“We want to make sure that if a person who is already prohibited [from buying or possessing a gun] attempts to purchase [a gun], that they have to immediately notify local law enforcement so that they can track that down—because that’s obviously an issue,” Breen told The ‘Gander.
The background check requirements taking effect this month are designed to ensure that those buying guns don’t have criminal records, or are otherwise ineligible to possess a firearm. But notifying cops when bad actors try to get their hands on guns can help save lives, Breen said.
“We just want to make sure that within 24 hours, law enforcement is notified,” Breen said. “If somebody is not supposed to have a firearm and they’re actively seeking one, that’s a red flag.”
Polls show that nearly 8 in 10 Michigan voters supported the legislation to enact universal background checks before it was passed. At least 12 other states have enacted laws to notify law enforcement when someone fails a background check while attempting to purchase a gun.
Closing Legal Loopholes
Part of the legislature’s plans for this year are designed to ensure Michigan cops and prosecutors have the legal tools they need to enforce certain federal firearm regulations.
Under federal law, certain categories of people—like convicted felons, people with a dangerous mental illness, and domestic abusers—are prohibited from buying or possessing guns. And while federal law applies in every state, not every state has similar provisions in their own laws.
“I’ve heard from prosecutors and sheriffs who say they don’t have the authority to pursue these charges at the state level,” Breen said. “There’s definitely some kinks that we need to work out.”
Breen said she wants to introduce legislation that would extend state law to match federal regulations on firearm possession, which would allow Michigan prosecutors to levy state-level charges against those who illegally possess, purchase, or attempt to purchase firearms.
“This is just to make sure the laws that we have are enforced,” Breen said. “This is how we have to do it sometimes, because sometimes the laws we have are as effective as Swiss cheese.”
Curbing Domestic Violence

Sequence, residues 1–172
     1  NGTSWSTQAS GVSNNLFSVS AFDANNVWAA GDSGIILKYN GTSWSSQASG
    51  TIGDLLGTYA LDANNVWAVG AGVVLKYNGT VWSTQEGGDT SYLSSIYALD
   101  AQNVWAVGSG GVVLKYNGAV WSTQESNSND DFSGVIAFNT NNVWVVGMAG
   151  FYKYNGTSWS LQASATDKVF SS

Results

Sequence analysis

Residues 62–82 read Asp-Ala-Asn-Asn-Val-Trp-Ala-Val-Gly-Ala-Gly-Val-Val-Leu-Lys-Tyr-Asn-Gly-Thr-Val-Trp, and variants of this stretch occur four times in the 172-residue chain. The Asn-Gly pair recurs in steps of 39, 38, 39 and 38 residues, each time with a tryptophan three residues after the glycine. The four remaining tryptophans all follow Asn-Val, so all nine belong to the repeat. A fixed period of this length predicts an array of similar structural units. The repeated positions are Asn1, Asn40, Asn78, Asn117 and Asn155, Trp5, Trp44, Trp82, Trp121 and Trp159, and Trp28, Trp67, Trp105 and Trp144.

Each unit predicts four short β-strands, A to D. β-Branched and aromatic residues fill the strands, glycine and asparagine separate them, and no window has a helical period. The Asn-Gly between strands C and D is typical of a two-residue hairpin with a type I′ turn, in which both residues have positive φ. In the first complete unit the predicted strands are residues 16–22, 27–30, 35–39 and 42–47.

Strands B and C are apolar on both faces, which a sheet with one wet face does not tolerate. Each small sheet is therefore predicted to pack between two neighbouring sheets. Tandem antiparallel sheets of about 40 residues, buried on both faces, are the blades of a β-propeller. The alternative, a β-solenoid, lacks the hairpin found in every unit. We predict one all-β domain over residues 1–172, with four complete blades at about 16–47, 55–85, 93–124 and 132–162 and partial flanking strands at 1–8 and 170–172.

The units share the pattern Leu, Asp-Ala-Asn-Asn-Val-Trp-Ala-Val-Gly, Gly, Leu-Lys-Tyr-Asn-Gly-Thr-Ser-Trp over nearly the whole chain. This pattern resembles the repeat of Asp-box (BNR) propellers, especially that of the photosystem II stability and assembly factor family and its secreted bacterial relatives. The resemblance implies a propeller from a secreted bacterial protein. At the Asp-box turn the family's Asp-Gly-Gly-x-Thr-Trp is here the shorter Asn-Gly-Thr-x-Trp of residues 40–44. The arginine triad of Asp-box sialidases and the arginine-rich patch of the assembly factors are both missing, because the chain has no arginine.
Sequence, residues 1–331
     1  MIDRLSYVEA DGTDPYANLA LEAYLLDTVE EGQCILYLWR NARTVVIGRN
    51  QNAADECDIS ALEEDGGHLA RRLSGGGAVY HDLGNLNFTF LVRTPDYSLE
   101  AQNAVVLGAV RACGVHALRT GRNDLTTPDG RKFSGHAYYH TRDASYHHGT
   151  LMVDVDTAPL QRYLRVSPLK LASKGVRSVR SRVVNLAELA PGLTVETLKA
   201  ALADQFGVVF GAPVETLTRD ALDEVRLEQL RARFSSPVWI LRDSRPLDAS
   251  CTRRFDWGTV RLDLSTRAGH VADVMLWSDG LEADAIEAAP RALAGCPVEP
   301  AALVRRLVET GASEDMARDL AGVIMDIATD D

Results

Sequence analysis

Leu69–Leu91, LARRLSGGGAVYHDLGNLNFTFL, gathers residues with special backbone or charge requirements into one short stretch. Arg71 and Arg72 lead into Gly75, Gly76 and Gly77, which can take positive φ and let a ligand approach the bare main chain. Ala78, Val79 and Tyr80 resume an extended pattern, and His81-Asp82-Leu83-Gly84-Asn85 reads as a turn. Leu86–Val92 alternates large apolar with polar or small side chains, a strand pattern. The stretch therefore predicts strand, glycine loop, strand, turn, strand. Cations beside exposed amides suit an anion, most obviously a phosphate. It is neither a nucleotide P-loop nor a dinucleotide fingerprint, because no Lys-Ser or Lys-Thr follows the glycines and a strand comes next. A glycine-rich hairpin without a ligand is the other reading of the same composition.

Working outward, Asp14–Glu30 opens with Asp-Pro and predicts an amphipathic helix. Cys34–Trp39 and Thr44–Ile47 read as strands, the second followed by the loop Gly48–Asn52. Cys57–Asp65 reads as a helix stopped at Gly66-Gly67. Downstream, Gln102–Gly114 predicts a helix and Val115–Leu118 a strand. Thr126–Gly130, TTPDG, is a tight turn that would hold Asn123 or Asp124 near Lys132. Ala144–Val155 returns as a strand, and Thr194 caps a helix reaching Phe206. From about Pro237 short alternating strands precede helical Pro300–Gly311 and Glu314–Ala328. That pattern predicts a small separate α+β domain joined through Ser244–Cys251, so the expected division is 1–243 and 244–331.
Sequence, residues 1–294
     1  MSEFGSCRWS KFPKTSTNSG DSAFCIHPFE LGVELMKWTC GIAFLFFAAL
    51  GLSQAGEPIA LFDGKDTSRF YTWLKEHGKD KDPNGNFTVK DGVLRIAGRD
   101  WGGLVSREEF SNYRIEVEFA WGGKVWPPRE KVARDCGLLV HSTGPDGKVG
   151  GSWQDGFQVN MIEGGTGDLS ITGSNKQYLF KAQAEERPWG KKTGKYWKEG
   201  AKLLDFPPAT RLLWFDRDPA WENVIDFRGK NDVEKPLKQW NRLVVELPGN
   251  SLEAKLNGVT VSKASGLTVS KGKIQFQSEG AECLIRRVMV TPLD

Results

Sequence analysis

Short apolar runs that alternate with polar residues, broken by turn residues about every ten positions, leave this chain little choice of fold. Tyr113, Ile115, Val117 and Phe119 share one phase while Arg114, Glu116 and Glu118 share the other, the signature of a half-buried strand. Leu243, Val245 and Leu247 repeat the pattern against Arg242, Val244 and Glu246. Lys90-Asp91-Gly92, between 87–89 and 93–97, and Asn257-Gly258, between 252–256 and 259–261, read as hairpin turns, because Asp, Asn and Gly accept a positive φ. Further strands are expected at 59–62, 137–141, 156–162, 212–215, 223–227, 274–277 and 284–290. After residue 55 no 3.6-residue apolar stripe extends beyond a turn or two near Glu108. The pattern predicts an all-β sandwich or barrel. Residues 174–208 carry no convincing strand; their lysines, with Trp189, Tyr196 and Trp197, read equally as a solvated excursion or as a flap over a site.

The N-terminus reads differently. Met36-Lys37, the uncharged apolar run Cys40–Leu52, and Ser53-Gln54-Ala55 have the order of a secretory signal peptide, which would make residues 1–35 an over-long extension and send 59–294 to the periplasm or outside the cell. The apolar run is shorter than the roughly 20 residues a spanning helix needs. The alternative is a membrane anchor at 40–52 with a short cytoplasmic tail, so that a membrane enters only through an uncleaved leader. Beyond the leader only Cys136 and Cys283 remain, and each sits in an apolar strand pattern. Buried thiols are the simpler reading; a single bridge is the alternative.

Legislation that aims to strengthen protections for survivors of domestic violence is also set to take effect this month after being signed into law by Gov. Gretchen Whitmer in November.
The new law will bar anyone convicted of domestic violence from buying, owning, or transporting a gun for a period of eight years after their sentence. It’s an expansion to the current law, which only bars those convicted of felonies from possessing or buying a gun.
And this year, curbing domestic violence is still in focus at the state Legislature.
While technically not a regulation on firearms, Nessel is reportedly working with lawmakers on another bill that would require anyone arrested on suspicion of domestic violence to be held in police custody for at least 24 hours—like a cooling-off period—to prevent reactionary violence.
“This is safer for police officers, as well, in order to go in and confiscate guns after a domestic violence crime,” Nessel said at a gun violence prevention summit this week. “Whatever we can do to make that transition smoother for survivors and law enforcement can and should be done.”
Federal statistics show there were 341 domestic violence deaths in Michigan between 2003 and 2012. Of those, more than half of the victims were killed with guns. And while state data shows a decrease in the number of domestic violence victims from 2010 to 2022, fatalities reportedly climbed during that same period—from 89 deaths in 2010 to 101 in 2022. Research also shows access to a gun makes it five times more likely that an abusive person will kill their partner.
Instituting a 24-hour waiting period would allow survivors of domestic violence time to plan and give them an opportunity to file an emergency risk protection order, Nessel said this week.
Building on Progress
The gun safety legislation set to be introduced this year will build on a package of bills that were signed last year by Gov. Gretchen Whitmer, including new laws designed to ensure guns are kept out of the hands of children and add required background checks for all firearm purchases.
Those new gun safety laws (and more) will officially take effect on Feb. 13—which is the same day as the one-year anniversary of the deadly mass shooting at Michigan State University.
“I’d say we haven’t been moving quickly enough,” Breen told The ‘Gander last week. “My motivation is to try to keep our kids and our families and educators as safe as possible.”
The state House of Representatives is currently stuck in a partisan, 54-54 deadlock until special elections can be held in April to fill two legislative vacancies. Republican state lawmakers have opposed previous gun safety bills. Still, Breen said she’s optimistic about securing bipartisan support as the legislation is introduced later this month.